17. O Thiam Chin's latest short story at QLRS is startling, good but near pornographic, a masturbating freak, new funk porn, inching towards Trainspotting but at least it is more thrilling that his novel Now that it's over, which is filled with relatively flat unengaging characters. I guess if it is shorter, it is less monotonous. Didn't like it.

    18. Trying to get used to Thiam Chin's style which kind of vacillates between the lyrical and some personal expose or erotica. some parts were mawkish and slow. His first novel is not as interesting as his second novel, and I prefer Sugarbread and Surrogate Protocol. Will be reading some of his short stories and other 2016 shortlisted winners.

    19. I struggle through about 50 pages, give up and give the book away. A disappointing read. Not deserving. Over-written in many parts. No substance and superficial presentation of the key themes. O Thiam Chin's second novel Fox Fire Girl is better, more engaging and lively.

    20. A novel written in the different perspectives of the four leads which depict the internal and personal struggles each of them carries and how the 2004 Boxing Day tsunami impacted all of them.

    21. Death is illustrated ever-so beautifully by O; along with the feelings of guilt, betrayal, regret, and loss.

    22. The first part is interesting, poetical but the middle and ending become dull, boring, draggy, overall a disappointing read as I had expectations. His short stories are better.

    23. "Actually it doesn't matter how long a couple has been together, to show the kind of love they have. Though of course, the longer you know someone, the more you know about him But is that all we can know about him? How can we claim to know anyone, a lover, a husband or a boyfriend, fully, completely, when there's a part that is hidden from us, maybe a side of him he is not aware of? Every man is a mystery, to himself, to others. Maybe that's why we can continue to love someone after so many year [...]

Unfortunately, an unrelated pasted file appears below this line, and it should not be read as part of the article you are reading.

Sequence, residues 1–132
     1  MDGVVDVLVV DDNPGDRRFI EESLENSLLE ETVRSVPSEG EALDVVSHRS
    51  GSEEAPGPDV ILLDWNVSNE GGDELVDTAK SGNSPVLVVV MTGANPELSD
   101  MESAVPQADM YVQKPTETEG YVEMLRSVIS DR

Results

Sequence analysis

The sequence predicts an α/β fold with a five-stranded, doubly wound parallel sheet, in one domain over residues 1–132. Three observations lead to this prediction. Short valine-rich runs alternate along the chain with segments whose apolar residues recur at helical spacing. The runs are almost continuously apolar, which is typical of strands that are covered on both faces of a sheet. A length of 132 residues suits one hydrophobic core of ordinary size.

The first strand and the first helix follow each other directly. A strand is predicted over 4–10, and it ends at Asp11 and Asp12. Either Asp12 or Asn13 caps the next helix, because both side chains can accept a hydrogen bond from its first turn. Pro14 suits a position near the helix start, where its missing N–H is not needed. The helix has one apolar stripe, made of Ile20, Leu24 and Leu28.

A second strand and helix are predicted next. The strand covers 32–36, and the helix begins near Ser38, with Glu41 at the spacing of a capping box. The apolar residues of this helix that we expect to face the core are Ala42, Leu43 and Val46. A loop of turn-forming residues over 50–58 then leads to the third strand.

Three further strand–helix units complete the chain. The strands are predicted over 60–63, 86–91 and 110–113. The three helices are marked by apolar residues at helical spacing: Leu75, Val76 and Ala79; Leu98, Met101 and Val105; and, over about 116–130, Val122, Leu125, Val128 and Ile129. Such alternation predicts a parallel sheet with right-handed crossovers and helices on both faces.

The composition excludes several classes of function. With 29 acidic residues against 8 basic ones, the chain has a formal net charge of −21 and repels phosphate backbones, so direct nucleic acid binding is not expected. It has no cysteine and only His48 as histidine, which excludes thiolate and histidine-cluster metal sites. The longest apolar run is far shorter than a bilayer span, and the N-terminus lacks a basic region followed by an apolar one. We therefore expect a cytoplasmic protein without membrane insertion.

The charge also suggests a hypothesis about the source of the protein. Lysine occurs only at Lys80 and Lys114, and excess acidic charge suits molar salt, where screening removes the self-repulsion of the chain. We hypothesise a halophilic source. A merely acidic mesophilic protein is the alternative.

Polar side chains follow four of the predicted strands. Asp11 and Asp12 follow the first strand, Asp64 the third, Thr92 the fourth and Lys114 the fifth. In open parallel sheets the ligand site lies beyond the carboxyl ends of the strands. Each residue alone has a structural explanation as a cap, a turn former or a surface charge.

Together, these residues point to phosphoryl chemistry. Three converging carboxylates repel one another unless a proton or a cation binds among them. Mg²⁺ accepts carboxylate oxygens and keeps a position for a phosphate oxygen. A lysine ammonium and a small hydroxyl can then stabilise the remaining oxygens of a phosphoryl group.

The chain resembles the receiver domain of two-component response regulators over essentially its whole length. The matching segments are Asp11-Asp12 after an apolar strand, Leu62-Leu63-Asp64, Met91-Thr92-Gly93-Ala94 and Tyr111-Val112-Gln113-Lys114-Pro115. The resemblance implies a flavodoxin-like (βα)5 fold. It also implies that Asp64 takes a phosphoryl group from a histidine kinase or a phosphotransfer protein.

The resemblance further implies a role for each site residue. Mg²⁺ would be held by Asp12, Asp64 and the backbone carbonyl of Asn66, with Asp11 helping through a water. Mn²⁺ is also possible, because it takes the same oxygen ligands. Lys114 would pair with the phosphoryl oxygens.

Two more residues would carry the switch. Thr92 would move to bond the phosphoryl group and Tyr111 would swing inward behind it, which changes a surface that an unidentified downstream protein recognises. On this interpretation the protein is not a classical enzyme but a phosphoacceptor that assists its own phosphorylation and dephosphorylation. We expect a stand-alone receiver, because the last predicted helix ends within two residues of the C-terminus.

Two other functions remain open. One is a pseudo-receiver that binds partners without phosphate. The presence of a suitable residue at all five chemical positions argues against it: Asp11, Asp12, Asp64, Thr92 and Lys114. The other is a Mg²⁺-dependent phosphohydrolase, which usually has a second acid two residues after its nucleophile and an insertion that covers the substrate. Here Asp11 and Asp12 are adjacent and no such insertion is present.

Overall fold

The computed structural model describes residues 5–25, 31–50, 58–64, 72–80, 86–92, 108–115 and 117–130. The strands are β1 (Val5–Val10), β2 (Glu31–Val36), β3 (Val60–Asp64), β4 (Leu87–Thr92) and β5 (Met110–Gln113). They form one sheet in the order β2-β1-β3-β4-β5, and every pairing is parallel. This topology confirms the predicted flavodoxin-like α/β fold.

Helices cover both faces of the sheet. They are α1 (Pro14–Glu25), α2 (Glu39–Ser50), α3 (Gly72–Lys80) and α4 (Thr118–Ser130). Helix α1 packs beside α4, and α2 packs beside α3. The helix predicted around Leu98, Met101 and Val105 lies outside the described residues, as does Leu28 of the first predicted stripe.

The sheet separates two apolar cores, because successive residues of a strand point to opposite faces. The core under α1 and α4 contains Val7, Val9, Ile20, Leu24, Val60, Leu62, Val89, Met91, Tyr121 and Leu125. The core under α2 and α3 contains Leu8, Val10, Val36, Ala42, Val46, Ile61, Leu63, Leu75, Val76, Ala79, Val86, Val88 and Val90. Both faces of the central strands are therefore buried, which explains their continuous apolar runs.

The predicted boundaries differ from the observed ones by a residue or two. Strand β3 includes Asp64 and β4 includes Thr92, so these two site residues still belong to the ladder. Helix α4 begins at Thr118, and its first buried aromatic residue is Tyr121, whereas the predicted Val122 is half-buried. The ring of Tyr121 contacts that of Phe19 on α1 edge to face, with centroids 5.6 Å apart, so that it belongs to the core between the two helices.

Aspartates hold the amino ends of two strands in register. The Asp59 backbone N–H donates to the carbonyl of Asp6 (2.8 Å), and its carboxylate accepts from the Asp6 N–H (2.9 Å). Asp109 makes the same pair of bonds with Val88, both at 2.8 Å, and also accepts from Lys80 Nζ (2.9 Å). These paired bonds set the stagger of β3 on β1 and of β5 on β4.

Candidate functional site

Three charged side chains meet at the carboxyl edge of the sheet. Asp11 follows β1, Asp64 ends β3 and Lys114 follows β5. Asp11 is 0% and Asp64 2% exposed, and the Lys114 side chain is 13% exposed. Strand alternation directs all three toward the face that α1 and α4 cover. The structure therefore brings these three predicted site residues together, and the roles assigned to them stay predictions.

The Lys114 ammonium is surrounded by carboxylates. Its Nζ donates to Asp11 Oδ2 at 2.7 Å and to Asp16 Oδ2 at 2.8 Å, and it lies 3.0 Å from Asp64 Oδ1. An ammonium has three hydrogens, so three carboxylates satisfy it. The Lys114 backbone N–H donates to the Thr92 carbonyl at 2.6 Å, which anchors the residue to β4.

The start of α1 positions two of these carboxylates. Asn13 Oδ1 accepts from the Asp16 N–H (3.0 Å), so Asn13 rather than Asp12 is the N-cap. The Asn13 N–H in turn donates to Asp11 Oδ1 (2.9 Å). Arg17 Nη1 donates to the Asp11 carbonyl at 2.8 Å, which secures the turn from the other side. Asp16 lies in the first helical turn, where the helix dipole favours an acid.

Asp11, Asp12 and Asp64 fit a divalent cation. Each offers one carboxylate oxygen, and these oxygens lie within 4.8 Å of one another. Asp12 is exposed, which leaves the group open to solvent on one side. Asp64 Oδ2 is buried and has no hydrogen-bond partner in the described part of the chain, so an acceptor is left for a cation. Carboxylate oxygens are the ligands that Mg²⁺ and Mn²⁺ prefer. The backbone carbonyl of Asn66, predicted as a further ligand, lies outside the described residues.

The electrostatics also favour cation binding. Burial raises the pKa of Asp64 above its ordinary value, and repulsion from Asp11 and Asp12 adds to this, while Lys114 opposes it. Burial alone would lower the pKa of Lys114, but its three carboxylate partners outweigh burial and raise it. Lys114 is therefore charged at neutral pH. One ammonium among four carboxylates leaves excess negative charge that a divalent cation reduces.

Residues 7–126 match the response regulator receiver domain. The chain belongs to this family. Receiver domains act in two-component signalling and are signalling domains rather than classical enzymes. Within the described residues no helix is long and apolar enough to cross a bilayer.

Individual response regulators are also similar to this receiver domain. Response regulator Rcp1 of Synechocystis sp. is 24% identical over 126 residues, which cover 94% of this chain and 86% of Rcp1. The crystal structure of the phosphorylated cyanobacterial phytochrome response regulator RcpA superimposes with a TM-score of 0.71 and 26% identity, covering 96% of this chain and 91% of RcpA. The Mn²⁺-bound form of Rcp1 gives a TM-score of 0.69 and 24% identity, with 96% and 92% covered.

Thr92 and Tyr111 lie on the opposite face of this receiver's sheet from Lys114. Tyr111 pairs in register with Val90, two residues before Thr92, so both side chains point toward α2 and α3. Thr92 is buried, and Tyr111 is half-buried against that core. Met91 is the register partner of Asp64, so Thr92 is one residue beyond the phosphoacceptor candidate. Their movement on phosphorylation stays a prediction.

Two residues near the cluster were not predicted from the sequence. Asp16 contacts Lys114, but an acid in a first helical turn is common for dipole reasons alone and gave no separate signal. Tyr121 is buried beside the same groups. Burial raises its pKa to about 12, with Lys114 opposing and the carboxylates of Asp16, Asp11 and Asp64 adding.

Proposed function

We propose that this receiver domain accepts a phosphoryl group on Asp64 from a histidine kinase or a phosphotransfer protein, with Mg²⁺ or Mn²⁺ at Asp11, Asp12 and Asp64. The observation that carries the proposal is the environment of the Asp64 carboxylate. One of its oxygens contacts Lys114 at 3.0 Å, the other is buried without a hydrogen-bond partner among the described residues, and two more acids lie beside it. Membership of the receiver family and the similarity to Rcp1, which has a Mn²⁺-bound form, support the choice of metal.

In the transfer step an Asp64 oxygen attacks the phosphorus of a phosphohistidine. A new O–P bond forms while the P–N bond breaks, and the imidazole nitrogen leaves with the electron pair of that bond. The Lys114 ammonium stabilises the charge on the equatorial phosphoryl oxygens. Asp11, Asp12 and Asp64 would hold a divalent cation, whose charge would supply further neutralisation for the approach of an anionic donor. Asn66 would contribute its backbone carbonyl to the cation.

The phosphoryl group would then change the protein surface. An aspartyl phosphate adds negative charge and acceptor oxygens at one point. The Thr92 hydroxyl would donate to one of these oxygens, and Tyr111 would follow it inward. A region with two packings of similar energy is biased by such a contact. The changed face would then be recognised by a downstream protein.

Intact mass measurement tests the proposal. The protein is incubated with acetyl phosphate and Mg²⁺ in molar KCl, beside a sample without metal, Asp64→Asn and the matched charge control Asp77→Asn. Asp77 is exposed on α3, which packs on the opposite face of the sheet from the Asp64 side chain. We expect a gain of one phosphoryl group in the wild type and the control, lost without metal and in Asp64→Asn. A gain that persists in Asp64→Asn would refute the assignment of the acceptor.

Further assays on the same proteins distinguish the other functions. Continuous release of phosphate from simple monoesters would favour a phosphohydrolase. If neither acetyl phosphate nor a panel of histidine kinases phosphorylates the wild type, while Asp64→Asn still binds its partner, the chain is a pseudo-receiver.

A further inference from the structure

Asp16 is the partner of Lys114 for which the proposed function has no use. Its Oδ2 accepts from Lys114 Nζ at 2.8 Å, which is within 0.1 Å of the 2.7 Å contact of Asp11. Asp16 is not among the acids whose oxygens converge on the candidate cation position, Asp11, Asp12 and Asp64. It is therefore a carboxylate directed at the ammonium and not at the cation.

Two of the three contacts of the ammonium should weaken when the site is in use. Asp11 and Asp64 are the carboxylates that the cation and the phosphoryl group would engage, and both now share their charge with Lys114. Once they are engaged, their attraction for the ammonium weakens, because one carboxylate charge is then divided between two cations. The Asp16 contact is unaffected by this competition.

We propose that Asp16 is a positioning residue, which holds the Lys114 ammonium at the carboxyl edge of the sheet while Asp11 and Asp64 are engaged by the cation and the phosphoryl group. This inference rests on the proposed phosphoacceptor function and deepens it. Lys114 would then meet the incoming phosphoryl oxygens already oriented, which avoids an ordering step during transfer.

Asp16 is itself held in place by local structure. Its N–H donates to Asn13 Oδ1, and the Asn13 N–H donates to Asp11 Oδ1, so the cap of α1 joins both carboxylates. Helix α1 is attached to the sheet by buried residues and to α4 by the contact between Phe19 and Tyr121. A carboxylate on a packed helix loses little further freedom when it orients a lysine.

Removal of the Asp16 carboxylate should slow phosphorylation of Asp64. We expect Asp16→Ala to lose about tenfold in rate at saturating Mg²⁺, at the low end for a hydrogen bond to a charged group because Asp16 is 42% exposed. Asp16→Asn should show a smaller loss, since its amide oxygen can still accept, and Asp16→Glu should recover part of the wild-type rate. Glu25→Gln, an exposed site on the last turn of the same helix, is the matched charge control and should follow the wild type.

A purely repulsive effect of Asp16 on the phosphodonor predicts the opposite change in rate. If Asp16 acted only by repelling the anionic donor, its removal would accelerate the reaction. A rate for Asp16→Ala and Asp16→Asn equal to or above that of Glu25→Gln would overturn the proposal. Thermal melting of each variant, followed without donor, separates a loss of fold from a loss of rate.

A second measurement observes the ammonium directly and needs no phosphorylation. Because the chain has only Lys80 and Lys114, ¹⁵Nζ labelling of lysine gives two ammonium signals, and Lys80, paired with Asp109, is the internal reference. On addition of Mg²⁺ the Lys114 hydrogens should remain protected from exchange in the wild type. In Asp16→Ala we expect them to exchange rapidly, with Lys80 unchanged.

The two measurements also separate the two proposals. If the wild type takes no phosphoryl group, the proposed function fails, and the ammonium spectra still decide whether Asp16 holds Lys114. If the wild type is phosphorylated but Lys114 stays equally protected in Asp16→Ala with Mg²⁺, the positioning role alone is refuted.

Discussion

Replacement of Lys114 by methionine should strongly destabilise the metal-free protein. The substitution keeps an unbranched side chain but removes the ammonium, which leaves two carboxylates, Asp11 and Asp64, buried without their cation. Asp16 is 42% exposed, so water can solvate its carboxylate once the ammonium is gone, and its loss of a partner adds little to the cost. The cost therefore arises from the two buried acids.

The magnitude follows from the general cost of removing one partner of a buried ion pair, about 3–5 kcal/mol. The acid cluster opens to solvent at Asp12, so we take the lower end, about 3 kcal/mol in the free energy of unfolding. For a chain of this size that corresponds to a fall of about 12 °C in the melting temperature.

24. I had high expectations of this book since it won the Epigram prize so was feeling slightly disappointed as it started out a tad too slowly for me. I thought it might be a long slog, but the more I read it, the more intrigued I was. Ended up finishing it in two nights, because I couldn't put it down - so much for some light bedtime reading! I like how everything is so subtle and what is left unspoken is sometimes far more poignant than what is already set out on the page - an apt reflection of r [...]

    25. Fresh from being almost caught in the typhoon in Taiwan, I was eager to read this novel because of its tsunami theme. Considering it won the fiction prize, I could not but help compare it with other novels that were the finalists, particularly Let's Give It Up for Gimme Lao by Sebastian Sim and Sugarbread by Balli Kaur Jaswal, both of which I enjoyed tremendously given their wealth of detail and good plot. I tried to be drawn by this novel throughout the course of reading it, but it just didn't [...]

    26. This is a book filled with intense reflections about the complexities of human life and relationships. Each character meets irresolvable difficulties that arose from their personal history, dreams, desires, fears and expectations. Each anecdote weighs down on the readers' minds as if they are the most pressing and urgent issue on earth. Yet in the face of the god's wrath, all these insurmountable challenges becomes minute and negligible. Skilful writing and great use of literary techniques helpe [...]

    27. Beautifully structured and paced tale of two Singaporean couples caught up in the Asian tsunami of Boxing Day 2004; their minor personal tragedies revealed by the major disaster. Deserving winner of the inaugural Epigram prize, Singapore's richest literary award.

    28. I can understand how it won the epigram award but it's not as entertaining as I'd like it to be. I give it props for its poetry and attempt to weave different story lines from each of the characters' point of view.

    29. Got into the story more so towards the middle section, didn't really take to the 4 persons' narrative style initially. Enjoyed the story on the whole; another commendable local effort.

    30. Very moving and engaging read from O Thiam Chin, I found this a very impressive read and look forward to more works from this promising local writer.